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GM Starts Training in Lansing for Camaro Launch

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If you haven’t noticed, we’re very excited about the 2016 Chevrolet Camaro at The News Wheel. We’re getting closer and closer to the redesigned muscle car arriving in dealerships this fall, and General Motors is putting the pedal to the metal in its preparation for the launch.

It was announced earlier this year that the Lansing Grand River Assembly Plant in Michigan would be adding a second shift to handle the anticipated volume of Camaro orders. The new employees will also be assisting with the Cadillac models assembled at the same plant. The 2016 Chevrolet Camaro is currently in pre-production, which means that the Camaros rolling off of the assembly line are destined for crash tests and other final checks from Chevrolet.

Too Excited To Wait For The 2016 Camaro? Take a look at the 2015 Chevrolet Camaro

To be prepared for the production run, the new factory workers are training by assembling wood cars using similar tools that they will be utilizing on the line. Working in a plant that builds Camaros and Cadillacs means that factory workers will come into contact with cars on a regular basis that will be sold for more than $70,000, which means they need to come off of the line in perfect condition. Trainees are being conditioned to treat the cars that are being assembled with care and to get their tasks completed as efficiently as possible to help the production stay on schedule. The simulations have also taught trainees when to pull the Andon cord to pause the line and allow for more time in a process to make sure it’s done right.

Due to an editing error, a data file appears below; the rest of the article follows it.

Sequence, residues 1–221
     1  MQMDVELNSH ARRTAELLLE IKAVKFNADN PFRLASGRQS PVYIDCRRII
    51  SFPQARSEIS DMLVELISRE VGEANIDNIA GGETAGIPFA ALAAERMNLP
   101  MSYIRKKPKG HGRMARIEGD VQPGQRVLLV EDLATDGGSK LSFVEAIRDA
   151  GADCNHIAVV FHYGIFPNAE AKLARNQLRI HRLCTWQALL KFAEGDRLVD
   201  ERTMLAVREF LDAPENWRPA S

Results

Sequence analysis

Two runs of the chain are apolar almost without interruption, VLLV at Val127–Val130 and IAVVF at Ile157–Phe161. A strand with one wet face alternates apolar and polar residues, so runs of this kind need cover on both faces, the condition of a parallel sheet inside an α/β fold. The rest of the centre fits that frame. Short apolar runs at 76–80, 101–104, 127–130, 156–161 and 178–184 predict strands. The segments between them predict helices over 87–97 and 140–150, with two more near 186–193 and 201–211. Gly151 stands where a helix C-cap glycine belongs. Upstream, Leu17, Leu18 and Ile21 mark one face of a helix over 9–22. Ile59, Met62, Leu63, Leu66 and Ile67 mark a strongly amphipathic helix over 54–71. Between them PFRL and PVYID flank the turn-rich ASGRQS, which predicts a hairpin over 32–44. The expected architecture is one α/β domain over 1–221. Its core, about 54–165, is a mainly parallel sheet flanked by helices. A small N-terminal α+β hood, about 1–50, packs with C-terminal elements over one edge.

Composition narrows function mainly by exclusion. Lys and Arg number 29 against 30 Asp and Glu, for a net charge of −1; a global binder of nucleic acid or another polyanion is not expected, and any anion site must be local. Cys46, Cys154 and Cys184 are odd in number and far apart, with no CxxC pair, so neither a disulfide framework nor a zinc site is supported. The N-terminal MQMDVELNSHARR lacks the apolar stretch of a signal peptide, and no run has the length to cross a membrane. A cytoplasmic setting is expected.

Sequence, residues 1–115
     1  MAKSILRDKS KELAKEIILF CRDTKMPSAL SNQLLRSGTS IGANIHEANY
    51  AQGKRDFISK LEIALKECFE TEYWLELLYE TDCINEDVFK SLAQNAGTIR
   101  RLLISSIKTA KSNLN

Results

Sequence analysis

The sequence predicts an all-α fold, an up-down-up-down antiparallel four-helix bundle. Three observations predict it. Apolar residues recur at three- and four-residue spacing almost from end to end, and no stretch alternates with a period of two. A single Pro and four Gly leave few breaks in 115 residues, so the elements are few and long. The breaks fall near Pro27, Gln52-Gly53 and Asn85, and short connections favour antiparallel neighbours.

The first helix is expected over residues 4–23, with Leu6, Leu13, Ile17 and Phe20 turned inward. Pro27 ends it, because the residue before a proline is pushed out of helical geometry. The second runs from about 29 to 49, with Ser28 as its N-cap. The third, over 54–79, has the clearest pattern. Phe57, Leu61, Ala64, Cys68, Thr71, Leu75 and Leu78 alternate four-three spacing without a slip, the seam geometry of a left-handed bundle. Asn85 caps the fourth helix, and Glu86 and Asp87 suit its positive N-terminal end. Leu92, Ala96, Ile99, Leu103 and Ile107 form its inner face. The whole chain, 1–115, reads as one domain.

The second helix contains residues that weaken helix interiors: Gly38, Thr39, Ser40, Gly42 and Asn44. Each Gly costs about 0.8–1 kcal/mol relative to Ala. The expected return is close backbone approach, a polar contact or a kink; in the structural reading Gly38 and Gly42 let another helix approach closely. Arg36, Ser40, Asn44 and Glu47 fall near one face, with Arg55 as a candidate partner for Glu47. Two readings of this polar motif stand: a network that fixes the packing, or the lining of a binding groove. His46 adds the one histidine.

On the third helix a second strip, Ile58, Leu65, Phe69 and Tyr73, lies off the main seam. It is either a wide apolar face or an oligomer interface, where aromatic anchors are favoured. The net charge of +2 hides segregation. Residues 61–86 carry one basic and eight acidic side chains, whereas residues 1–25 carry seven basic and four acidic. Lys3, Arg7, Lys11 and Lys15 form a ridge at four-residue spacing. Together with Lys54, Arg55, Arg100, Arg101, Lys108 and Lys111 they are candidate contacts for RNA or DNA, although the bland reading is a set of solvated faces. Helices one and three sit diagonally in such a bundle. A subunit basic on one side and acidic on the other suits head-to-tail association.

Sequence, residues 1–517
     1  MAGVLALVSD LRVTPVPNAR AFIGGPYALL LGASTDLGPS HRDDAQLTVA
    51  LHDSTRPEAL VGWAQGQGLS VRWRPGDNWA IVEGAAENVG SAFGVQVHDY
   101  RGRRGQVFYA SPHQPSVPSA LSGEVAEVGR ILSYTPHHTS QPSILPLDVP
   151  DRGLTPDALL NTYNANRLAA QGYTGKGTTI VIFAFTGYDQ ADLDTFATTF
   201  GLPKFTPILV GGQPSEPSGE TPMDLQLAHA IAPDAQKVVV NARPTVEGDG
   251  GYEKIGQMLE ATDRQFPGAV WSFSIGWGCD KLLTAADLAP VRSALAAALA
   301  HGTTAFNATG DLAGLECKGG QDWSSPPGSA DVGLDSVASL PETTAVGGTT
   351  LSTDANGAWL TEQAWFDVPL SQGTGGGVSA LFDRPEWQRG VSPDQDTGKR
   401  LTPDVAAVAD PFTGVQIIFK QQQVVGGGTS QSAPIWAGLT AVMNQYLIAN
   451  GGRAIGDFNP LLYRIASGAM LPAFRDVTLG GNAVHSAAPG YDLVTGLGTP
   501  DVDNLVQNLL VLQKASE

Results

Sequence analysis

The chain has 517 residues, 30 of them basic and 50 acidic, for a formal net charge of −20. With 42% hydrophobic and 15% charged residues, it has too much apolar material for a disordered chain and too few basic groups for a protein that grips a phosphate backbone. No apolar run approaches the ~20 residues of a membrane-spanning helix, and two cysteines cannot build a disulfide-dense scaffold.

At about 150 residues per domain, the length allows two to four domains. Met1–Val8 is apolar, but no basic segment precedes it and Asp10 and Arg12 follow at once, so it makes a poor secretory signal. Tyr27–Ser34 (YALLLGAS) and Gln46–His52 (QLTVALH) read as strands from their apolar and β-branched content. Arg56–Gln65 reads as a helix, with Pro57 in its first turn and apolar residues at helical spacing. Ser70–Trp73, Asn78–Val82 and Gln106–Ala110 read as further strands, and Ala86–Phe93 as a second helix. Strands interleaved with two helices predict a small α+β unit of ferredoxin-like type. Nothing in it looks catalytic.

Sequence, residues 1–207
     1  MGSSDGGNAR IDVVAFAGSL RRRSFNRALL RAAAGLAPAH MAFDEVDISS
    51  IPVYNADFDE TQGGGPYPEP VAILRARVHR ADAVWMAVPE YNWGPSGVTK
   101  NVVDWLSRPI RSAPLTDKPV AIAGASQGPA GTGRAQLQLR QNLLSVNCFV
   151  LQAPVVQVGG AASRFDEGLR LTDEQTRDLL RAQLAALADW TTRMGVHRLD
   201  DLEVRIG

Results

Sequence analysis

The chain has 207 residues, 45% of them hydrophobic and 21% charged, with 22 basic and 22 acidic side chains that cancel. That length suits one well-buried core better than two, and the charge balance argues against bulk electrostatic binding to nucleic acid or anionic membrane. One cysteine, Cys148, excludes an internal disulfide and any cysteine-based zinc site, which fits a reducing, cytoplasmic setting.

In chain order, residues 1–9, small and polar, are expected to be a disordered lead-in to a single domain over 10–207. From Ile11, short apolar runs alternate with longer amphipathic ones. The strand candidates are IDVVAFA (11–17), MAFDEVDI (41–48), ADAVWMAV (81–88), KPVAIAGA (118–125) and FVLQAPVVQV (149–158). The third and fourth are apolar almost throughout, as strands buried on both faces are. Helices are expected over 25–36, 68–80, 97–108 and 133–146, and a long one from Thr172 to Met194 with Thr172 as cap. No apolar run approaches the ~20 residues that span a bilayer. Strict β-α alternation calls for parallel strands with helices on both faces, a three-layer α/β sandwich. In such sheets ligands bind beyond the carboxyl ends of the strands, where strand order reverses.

Thinking Of Shopping For A Cadillac? Learn more about Cadillac Shield

In the first practice run through, the Lansing State Journal reported that of the 15 cars built, 14 had defects. However, journalist Alexander Alusheff is quick to point out that he was included in that test run, and most of the defects were his. We’re sure the same thing would happen if we were sent out to build the cars we write about.

Source: Lansing State Journal